Understandably, many in veterinary leadership positions are rushed off their feet. You race through the day at what feels like 100mph – there’s hardly time for lunch – whilst spinning 100 plates and juggling 100 balls. You name it, as a veterinary leader you’ve become every cliche in the book of busy.
Although the job can be fast-paced, many leaders do not stop to think about how they should manage their time. Rather than questioning an existing system that is outdated and wastes time (teaching vets to ‘learn on the job – sink or swim style’ instead of providing sufficient training, for example), you go along with it.
But what if you put the brakes on, just for a little while, to consider how you can manage your time more effectively as a veterinary leader?
Read on to discover key time management tips for the 100mph leader…
Review Your Systems
Set aside some time to review your existing systems. It’s even better if you can do this with the rest of your management team. If there is a procedure that comes to mind, such as completing equipment approval forms or answering emails that take away too much time from high-value tasks, see if you can change it. Is there someone with who you can delegate the task, such as a head nurse or team leader? Can you produce a more streamlined application and approval system online? Can you limit the amount of attention you dedicate to email by only checking twice a day at set times?
The low-value tasks that you do as part of your job – answering emails, having endless meetings, and administration – how can spend less time or at least only do these when higher-value things have been completed? How can you shift your focus onto the higher-value aspects of leadership such as creating team culture, recruitment, and onboarding, innovating, and marketing? This is all about creating systems that work for (not against) you and making effective use of everyone on your team.
The Importance of Onboarding
The importance of onboarding should never be underestimated! A thorough onboarding process will not only save time in the long run but will give the new team member confidence and skills needed to do their job well. Every practice is different. For example, you will have a specific pricing structure and method of constructing invoices. Make sure you spend time teaching your processes right from the start. Otherwise, mistakes will be made and you will be faced with the triple problem of redoing work, dealing with complaints, and answering a barrage of endless repeated questions every day.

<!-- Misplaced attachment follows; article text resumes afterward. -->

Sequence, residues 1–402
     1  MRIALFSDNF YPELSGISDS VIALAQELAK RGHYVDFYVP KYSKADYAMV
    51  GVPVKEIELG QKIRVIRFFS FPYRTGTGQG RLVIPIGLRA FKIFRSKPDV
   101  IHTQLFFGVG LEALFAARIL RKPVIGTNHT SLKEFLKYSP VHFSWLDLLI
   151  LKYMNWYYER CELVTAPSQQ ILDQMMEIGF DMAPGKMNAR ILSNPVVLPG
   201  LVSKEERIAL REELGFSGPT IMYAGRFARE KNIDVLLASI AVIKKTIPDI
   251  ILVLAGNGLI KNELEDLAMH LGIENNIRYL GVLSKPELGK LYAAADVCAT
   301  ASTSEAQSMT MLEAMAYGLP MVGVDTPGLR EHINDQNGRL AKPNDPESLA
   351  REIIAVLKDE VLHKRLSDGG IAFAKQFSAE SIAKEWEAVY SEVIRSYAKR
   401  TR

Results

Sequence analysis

It sounds simple, but this is often overlooked because ‘we are too busy’ for proper onboarding. If this is you, hopefully, you catch the irony of the statement when you investigate the underlying causes of being too busy.
Plan for Success, Anticipate Crisis
When you are creating plans or setting goals – financial goals for the next quarter, for example – give yourself some leeway for the unexpected. As a leader in the veterinary profession, you will know that vets encounter the unexpected almost every day! Therefore, in the longer term, this is likely to happen too. Perhaps your head nurse unexpectedly leaves, you have trouble recruiting, and you are hit by a global pandemic(!). These unforeseeable events should be part of your plan, or at least in the back of your mind.
If you prepare for the unexpected (for example, building a succession plan, making sure you have a cash reserve, training all vets in case of unexpected leave) you will spend less time in damage limitation mode and more time on positive, high-value tasks.
Look After Yourself
Too many leaders run themselves ragged and end up burning out. You are doing one of the most valuable jobs on the planet, yet it’s also one of the busiest. As a veterinary leader, you have to deal with the managerial aspects (payroll, insurance, setting the schedule, etc), the clinical (the nitty-gritty vet stuff), and the actual leadership of your people (creating a practice culture, team-building). But who looks after you?!
By taking some time to focus on your well-being, you will actually end up being more productive. If you feel yourself getting stressed at work, take a 10-minute walk if you can. If not, a 5-minute meditation break could be all you need as a midday boost. Breathing techniques are not to be sniffed at and are proven to drastically reduce stress levels during a busy day.
When you do have free time, make sure you spend it in valuable ways – doing the things you love with your family, exploring new places, socializing, writing, being creative. Do whatever brings you joy. This will leave you rejuvenated and ready to tackle another day as a successful and happy veterinary leader.
These ideas are not necessarily about slowing down; your job is fast-paced by nature. However, implementing them will help you distribute your attention and use your time more wisely. If you found this post useful or would like to offer your own time management tips, join the conversation! Our Facebook page is dedicated to veterinary leaders like you and is a hub of networking and support.